The layout cleverly opens up the area, and offers a spectator element. Many restaurants allow you to dine at the ‘Chef's Table’ to be part of the action for a premium but here this is the default set-up.

Our introduction for a meal was what you’d hope for. The warm smiles that greeted us as we walked into a buzzing weeknight full of students ‘in the know’ was very welcome.

We ordered an array of hot and cold ‘small dishes’ to share. The seafood jeon (£3.75), a savoury pancake had bits of octopus, mussels and shrimp on a fragrant, omelette-like base coloured with green onions. It was both familiar and distinct, the familiarity stemming from ingredients common to Western cuisines, but cooked together they were something different.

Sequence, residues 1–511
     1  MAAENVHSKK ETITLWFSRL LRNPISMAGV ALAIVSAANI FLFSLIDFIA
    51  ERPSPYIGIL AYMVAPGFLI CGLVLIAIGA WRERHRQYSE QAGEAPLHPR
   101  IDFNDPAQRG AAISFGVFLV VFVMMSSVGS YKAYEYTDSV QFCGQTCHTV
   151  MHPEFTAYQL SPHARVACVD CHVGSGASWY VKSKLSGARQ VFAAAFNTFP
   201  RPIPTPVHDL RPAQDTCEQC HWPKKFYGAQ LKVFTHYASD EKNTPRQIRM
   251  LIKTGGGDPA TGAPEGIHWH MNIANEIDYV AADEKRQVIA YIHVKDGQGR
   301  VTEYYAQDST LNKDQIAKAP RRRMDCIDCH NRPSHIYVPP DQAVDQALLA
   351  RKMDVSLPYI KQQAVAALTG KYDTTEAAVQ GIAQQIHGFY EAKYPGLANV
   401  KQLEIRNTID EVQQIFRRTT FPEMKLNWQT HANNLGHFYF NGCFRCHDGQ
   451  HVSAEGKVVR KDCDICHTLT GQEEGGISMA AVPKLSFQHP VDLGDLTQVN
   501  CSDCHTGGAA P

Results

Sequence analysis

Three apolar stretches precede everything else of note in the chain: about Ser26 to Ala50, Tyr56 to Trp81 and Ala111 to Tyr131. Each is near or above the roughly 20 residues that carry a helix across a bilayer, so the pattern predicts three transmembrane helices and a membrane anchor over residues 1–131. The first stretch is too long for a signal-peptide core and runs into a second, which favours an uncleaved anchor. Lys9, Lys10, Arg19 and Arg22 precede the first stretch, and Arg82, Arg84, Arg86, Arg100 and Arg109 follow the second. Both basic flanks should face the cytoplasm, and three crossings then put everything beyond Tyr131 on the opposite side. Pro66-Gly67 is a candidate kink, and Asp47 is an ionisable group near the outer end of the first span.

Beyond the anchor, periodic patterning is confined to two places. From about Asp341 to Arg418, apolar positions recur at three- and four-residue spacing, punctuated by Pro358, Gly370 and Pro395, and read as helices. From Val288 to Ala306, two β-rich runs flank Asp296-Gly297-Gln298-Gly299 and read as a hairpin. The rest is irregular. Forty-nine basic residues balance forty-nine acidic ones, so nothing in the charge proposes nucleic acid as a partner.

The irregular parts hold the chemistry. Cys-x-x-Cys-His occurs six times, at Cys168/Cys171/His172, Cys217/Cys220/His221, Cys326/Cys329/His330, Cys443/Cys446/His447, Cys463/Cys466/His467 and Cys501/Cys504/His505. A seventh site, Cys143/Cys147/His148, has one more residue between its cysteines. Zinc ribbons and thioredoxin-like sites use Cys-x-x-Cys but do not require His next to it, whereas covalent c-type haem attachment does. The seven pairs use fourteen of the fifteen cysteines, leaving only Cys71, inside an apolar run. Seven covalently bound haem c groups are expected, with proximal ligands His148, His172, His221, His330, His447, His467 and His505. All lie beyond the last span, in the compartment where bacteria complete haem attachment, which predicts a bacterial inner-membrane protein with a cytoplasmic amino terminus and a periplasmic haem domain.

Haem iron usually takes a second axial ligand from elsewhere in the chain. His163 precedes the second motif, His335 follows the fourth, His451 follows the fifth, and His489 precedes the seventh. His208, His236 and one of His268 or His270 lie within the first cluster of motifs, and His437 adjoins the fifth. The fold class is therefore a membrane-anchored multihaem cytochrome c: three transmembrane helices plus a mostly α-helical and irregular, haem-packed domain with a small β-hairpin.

The same can be said of the japchae (£4), a warm salad of cellophane noodles (translucent vermicelli) with mixed sliced onions, peppers and two kinds of mushrooms, all the earthy nutty tones brought together by a soy-sesame dressing. I know food snobs go on about 'umami', but proof that this extra-flavour dimension exists lay in this simple yet genius combination.

The hand-made beef gyoza (£3.50) was hands-down the best I've had. It ticked all the boxes. A delicate but fresh filling of minced beef, cabbage and grated carrot was swimming in hot stock, which burst onto your taste-buds as you bite into the wrapping. Oh, but we didn't stop there. This was accompanied by a pinch of home-made kimchi, a traditional Korean pickle of fermented cabbage, chilli, and seasonings. This delivered a sharp, tart kick to the already great dumplings. You'd think it was the stuff that inspired M&S food porn ads.